The Bahamas caught between 27 million legal Medical Cannabis users and dominant Jamaica where it is legal in small amounts could switch the money monopoly from our locsl underground and criminal gangs controlling an empire of power and billions in cash money. Untaxed billions is spent year round here for 70 years. Cannabis has been forever here. At now, the government could legally bring to the top of the table without stigma demands that adolescents not be in the company of adult users in the form of a binding Social and Legal Contract of Enforcement and understanding to save our youth who are most negatively impacted during the period of brain growth and maturity until the age of 23-25. Once mental and emotional diversions occur that impacts motivation, aspirations and inspirations the coming of age into adulthood and beyond are affected where it hurts the most - in the parents wallets - as the adult-child cannot afford to leave home and is lazy on any job.

John 1 month, 1 week ago

We’re you smoking pit when you wrote this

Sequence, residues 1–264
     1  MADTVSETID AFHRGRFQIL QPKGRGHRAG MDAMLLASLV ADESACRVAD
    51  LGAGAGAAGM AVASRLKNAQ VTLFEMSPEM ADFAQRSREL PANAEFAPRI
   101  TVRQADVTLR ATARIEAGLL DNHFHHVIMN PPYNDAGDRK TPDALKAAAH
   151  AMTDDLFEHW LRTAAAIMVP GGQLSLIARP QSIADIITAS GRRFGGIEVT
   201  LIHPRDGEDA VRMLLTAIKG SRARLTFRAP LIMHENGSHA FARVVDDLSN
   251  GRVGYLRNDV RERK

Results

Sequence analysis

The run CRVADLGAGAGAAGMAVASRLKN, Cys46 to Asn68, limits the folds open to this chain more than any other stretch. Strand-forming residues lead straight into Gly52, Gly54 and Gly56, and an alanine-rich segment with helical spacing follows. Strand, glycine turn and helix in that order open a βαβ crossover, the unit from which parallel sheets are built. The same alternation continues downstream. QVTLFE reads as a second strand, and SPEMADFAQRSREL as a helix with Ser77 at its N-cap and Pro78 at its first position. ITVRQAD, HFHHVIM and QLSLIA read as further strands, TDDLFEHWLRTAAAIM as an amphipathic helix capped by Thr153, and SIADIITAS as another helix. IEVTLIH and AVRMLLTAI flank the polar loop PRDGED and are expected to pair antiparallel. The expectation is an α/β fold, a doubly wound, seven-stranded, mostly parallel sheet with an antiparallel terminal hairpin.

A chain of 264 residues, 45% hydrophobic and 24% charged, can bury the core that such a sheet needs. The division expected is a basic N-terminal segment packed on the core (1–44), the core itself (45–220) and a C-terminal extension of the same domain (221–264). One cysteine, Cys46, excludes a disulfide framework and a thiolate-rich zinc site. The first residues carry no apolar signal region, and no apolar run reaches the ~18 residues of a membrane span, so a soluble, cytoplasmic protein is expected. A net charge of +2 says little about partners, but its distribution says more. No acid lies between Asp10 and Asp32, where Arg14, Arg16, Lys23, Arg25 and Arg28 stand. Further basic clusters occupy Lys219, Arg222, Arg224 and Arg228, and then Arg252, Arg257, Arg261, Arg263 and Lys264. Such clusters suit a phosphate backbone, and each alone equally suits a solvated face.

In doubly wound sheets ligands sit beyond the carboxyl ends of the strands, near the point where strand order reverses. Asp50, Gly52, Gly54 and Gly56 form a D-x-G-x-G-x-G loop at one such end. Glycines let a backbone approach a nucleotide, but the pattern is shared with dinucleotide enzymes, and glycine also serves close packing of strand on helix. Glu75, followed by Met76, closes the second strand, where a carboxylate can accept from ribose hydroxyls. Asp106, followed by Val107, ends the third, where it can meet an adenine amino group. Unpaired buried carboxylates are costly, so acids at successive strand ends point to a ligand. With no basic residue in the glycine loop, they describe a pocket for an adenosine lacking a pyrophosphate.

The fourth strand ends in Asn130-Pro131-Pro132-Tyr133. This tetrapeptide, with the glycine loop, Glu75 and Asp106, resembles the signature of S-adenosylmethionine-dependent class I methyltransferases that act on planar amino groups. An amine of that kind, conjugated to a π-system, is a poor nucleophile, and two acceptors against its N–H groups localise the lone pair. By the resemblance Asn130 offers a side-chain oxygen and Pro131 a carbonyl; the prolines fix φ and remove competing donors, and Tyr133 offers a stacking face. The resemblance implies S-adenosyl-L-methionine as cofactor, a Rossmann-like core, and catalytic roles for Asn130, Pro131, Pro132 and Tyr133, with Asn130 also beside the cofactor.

jamaicaproud 1 month, 1 week ago

Brah, what does Jamaica have to do with this? Anyway since you started let me finish it for you. Nothing is going to change.

• Those who smoke will continue to smoke • Those who don’t smoke wont smoke • Those who have traditionally trafficked wont even know the process to get a license much less get one (Involves validating strain etc) • The people who get licenses will be those who traditionally have be “throwing people in jail for the thing” • The guys who have been trafficking as I said wont get licenses and will continue to get arrested • Its really a con game for rich connected people to make more money and the threshold to be able to become a trader will be very high(No pun intended)

DWW 1 month, 1 week ago

too true. simply a money grab that won't work. simply look at Canada. sales are from gov't outlets but the black market still thrives due to vain attempt to regulate a backyard weed.